Pop and rock had forward momentum in a parallel to the lucid gestalt in classical music. There was plenty of transient snap and power to give well-recorded drum kit, for example, the sense of acceleration that well-recorded drums contribute to the mix. I didn’t hear the Ref160S’s musical appeal across different genres as overtly euphonic as such; rather, the Ref160S simply brought out elements in recordings that illuminated the artistic expression inherent in music more readily—provided the recordings had decent performances and were well recorded in the first place, of course. It was as if the musicians had a particularly good night at the concert hall, club, or recording studio. We have probably all attended a live performance on one evening and then heard the same group or orchestral program again on another night and regarded one evening’s performance as better than the other. The players were clicking more with each other or the singer was in particularly good voice or the sound engineer got the levels and microphones’ phase-matching right. The Ref160S seemed to have the effect of making home listening sessions come closer to a superior evening’s performance. When one of my long-time audiophile friends said upon hearing a few cuts through the Ref160S, “Wow, the music sounds really alive—I could easily live with that amp,” I got it.

The Ref160S had a very deep soundstage, the deepest I have heard in my system. Front-to-back layering was continuous and closer to real life than many amps can muster, especially amps of the solid-state variety. Images within the soundscape were fleshed out as more completely formed sound sources created by real people and instruments in space, rather than as flat cutouts or bas-relief tableaux. The front of the soundscape was moved more forward than I am used to, so this—combined with slightly narrower soundstage width—created an overall stage that was sometimes closer to a cube in shape than to a rectangle whose width is greater than its depth. I suspect some of the amp’s slightly narrower soundstaging could be the result of the Ref160S being a stereo amp rather than a monoblock. (All things being equal, a pair of monoblocks tend to cast a wider soundstage than the equivalent stereo version.) Also, I believe the Ref160S is meant to be paired with an ARC preamp, like a Ref10 or Ref6SE, which themselves recreate very wide, expansive soundscapes. (Unfortunately, an ARC preamp was not available during the review period to test this hypothesis.)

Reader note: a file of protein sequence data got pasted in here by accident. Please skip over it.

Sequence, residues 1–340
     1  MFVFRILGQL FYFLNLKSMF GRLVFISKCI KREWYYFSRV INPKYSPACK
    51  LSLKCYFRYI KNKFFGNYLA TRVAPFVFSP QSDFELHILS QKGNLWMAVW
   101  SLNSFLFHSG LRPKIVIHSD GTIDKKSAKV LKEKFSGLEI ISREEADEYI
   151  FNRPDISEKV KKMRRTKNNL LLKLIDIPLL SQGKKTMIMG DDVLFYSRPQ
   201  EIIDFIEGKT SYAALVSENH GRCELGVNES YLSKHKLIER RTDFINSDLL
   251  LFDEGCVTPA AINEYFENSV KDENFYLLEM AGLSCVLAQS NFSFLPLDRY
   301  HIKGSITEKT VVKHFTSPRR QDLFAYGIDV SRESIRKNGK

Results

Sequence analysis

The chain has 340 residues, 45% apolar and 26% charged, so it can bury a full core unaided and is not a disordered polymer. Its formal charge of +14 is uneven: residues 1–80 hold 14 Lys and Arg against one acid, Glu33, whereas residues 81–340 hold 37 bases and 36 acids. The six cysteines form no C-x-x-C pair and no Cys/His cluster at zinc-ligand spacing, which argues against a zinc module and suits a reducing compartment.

Bass was deep reaching and powerful. The Ref160S’ plumbed the depths with ease, not exactly a typical tube amp’s forte, especially when one considers the speaker I used was the YG Sonja 2.2, which generally fares better with a high-current solid-state amp. While not quite matching the speed and definition of some solid-state amps, the Ref160S had the best bass pitch definition and stability of any tube amp in my system. Dynamics were also very good, both macro and micro. The big, meaty sound the Ref160S produced stemmed, in large part, from its ability to track bass-laden dynamic peaks with sustained control. The Ref160S never clipped or showed signs of strain while in ultralinear mode. It did lose control and clip, however, on the big orchestral stuff while in triode mode (70Wpc).  I think most folks who listen in triode mode would presume it is better suited to smaller, less demanding music (or to an easy-load speaker). Speaking of triode and ultralinear modes, I did nearly all of my listening in ultralinear. While the triode mode did offer some additional warmth and intimacy on smaller-scale music, I didn’t find the difference compelling enough to be worth switching back and forth between the two modes on appropriate music selections. On the whole, I found ultralinear to sound tonally closer to neutral and more dynamically responsive.